Review of Slot 1 Motherboards with Intel 440BX Chipset - Spring 1998

Intel SE440BX

Intel's SE440BX is an interesting motherboard. It comes with onboard sound, using the Crystal CS4611 and CS4236B.

Since I received the board without the usual manual, I first had to find out how the CPU settings are changed. After looking around for a while I was sure that this board has to have some software mechanism for changing the CPU multipliers, since there are hardly any jumpers and certainly no dip switches on the board. Instead of this there is a special jumper that is called J8A1 'BIOS CONFIG'. This jumper has to have 2-3 shorted and after starting the system you are in a special configuration mode of the BIOS setup. Now the CPU multipliers can indeed be changed via software. After saving the config you have to short 1-2 and the board will start normally. I think that this is a very secure way of using a BIOS adjustable CPU configuration.

My tests with the SE440BX showed that the board is very stable with any of the tested PC100 SDRAM, but it would give you an error message and halt the system if you should dare plugging PC66 SDRAM into it. This is another pretty sensible security check, which can avoid a lot of possible trouble when using the wrong SDRAM.

The performance of the SE440BX was average and you can certainly imagine that this board doesn't offer any chance of changing the FSB clock. Instead of this it detects the FSB clock automatically via CPU contact 'B21' and can hence still be overclocked using the 'B21 manouver' described on my website. However, no FSB frequencies besides 66 and 100 MHz are supported.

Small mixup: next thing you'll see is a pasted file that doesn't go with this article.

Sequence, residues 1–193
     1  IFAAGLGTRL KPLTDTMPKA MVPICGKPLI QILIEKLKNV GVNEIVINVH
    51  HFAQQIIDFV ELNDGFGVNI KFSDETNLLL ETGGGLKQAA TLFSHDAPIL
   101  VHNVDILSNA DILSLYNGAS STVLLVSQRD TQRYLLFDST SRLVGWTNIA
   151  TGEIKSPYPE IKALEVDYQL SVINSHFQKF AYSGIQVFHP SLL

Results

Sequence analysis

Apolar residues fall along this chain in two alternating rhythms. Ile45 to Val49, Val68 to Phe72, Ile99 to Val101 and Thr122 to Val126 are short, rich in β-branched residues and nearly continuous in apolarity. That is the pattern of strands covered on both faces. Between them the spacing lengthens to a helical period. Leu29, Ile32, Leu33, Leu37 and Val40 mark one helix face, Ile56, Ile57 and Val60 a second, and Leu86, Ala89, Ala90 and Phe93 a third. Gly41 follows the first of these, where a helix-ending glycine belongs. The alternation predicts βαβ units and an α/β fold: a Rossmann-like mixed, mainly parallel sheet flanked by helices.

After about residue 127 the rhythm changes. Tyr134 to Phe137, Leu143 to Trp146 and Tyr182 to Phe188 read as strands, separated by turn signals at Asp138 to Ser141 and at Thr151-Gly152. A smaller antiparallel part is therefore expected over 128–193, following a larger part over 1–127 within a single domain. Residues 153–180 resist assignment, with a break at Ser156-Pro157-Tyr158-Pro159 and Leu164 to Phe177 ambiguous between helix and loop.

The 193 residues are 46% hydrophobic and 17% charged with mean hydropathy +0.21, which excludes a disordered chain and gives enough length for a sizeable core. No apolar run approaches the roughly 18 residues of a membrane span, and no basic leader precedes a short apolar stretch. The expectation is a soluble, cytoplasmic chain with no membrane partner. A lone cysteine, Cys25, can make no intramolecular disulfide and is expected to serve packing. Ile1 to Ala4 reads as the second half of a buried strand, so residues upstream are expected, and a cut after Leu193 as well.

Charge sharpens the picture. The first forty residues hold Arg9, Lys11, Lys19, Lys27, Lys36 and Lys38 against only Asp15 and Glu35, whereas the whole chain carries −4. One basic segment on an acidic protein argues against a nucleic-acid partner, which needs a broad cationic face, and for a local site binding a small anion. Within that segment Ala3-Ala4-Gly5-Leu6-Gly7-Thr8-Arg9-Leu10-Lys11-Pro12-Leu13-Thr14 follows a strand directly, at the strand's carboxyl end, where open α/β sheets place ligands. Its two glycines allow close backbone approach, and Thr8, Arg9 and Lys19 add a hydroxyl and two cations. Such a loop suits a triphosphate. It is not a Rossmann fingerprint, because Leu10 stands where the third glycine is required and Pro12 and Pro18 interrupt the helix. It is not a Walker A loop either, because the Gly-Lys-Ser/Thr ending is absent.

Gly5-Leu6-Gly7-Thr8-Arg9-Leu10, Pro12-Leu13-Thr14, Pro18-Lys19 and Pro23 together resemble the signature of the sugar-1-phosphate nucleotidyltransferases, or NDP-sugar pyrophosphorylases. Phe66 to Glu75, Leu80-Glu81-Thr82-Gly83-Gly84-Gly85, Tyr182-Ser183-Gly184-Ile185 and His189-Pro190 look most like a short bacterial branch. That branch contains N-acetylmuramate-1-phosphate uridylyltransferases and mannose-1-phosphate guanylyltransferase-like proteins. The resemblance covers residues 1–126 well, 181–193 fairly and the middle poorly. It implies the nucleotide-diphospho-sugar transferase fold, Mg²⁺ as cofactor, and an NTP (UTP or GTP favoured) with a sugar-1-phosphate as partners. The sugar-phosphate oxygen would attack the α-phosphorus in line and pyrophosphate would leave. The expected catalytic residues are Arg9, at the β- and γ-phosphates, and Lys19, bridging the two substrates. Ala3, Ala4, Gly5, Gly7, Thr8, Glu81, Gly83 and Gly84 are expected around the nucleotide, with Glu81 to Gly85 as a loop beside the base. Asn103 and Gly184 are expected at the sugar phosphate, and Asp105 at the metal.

The compatibility testing was causing a lot of trouble. The IRQ for the USB cannot be physically disabled, although there's a setting in the BIOS setup that doesn't help, causing the first problem. The onboard Crystal sound chip is very inflexible regarding the IRQs it is using, so that I had to play PCI card jokey until I could finally get all the cards to work. There was also a problem with the ISA PnP network card. I couldn't find any chance of getting this card to work properly (including a connection to the network) as long as the Crystal chip was not disabled.

The SE440BX is all in all an interesting board and I would have liked recommending it if I wouldn't have had so many problems in the compatibility test. Not unlike the Siemens board it shows a lot of unique and intelligent features.